March 28, 2010

The Bad Luck Honeybear

Sailors have always been notoriously superstitious at sea. And sometimes even scientists can be too. We have had more than our share of bad luck on this expedition, including problems with the ship’s CTD winch and crane, its bow-thruster, one of its deck winches, various electrical problems with the Jason ROV, and we lost some of our monitoring instruments that we put out last year to the landslide. When the problems have pile up, it has felt like we are cursed somehow - and we began to suspect our old nemesis - the honeybear.

Years ago, on another ship with another ROV, we were similarly plagued by equipment problems and bad luck. One of the crew members started a rumor that the honeybears in the ship’s mess (where we eat on board) were the cause of our bad luck. So to amuse ourselves in the time we had to wait as equipment was repaired, we devised various ways to torment and defeat the honeybear’s bad mojo. And somehow it actually seemed to help, our luck changed, equipment got fixed and we could get back to work.

So when we were mired in bad luck again on this trip, someone noticed the Kilo Moana also had honeybears in the mess. We had to do something about it! We kidnapped one, strapped it to a shrimp trap (with a little note), and sent it down to the bottom on the next dive with Jason. Immediately, our luck changed - we found the missing hydrophone mooring on that dive, and things seemed to be going better. Then on the next Jason dive, we brought that shrimp trap (and the honeybear) back to the surface. On the way back up, Jason lost power due to a ground-fault on one of its transformers, which was a very serious problem. If the damage was too great, we might not be able to dive again - losing our last two dives with experiments still to recover from the bottom.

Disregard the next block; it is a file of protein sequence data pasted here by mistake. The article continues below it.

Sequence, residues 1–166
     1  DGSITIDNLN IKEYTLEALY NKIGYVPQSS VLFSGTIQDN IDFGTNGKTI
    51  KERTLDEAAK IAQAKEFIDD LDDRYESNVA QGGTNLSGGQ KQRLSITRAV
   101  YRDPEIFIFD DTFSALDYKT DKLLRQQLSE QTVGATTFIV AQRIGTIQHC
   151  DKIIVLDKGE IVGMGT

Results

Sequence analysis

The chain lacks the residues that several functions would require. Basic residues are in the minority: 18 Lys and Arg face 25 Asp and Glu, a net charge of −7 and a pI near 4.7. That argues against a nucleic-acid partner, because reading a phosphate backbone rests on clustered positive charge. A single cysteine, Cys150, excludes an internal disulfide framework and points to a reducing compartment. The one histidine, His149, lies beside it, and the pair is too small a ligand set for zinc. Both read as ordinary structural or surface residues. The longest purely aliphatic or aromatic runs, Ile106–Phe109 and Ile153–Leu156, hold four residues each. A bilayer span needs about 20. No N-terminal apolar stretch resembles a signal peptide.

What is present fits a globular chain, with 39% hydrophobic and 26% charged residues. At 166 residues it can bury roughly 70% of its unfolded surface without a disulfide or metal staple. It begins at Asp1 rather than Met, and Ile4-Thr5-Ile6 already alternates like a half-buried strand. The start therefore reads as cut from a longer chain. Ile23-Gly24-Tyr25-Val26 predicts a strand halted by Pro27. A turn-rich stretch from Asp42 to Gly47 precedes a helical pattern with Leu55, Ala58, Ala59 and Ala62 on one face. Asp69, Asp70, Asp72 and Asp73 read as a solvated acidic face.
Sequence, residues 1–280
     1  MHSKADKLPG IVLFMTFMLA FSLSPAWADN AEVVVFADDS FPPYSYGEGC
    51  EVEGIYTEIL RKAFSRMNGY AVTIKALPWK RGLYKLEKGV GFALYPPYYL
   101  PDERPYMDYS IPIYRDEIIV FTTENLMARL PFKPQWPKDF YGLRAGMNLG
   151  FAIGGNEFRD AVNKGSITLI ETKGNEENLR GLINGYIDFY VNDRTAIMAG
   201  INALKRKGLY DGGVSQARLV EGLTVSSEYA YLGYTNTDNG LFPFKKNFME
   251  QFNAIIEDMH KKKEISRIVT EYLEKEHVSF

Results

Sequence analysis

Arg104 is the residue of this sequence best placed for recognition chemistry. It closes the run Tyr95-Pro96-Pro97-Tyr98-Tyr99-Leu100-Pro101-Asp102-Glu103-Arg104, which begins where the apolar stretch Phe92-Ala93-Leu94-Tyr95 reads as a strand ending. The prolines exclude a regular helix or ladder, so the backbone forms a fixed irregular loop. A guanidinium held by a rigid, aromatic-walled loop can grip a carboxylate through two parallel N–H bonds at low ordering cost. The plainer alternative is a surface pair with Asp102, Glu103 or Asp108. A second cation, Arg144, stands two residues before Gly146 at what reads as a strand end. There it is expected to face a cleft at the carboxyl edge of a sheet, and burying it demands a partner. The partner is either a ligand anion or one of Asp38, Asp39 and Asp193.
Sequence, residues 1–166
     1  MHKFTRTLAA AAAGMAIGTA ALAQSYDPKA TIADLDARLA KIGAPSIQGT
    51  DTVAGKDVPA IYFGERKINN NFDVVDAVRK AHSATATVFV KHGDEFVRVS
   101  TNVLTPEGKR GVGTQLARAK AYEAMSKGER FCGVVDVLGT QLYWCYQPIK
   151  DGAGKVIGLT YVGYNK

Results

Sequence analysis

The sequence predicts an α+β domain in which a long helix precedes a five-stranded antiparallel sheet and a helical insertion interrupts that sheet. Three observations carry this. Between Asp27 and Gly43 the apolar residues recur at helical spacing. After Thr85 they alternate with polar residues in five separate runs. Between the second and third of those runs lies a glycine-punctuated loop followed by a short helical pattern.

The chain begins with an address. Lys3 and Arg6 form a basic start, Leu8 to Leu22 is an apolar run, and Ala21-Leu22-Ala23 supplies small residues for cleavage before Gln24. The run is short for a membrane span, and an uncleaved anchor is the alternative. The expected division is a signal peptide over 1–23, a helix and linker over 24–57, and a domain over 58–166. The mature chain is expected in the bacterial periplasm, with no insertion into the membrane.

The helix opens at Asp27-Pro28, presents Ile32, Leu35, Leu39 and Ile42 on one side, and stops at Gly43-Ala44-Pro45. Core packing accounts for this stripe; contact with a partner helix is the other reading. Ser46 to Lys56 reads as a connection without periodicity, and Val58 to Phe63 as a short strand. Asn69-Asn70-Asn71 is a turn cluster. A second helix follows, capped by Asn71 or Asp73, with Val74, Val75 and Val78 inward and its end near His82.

The honeybear’s evil mojo had obviously struck again! It was clear that we should never have brought him back to the surface - we should have left him on the seafloor where his mojo was crushed by the pressure and the volcano’s toxic fumes. As the Jason group worked tirelessly to repair the vehicle, I went out to the back deck, strapped that honeybear to a weight, and tossed him overboard. By morning, Jason was repaired and we were able to make our last dive at NW Rota.

I’m a scientist, so I don’t really believe that the honeybear had anything to do with our bad luck. But sometimes it’s fun to act on a wild theory and have someone or something to blame for all the things that are going wrong. At least it gave us a chance to laugh in the face of adversity and perhaps that alone helped a little. Or was it really bad mojo?

-Bill Chadwick, Oregon State University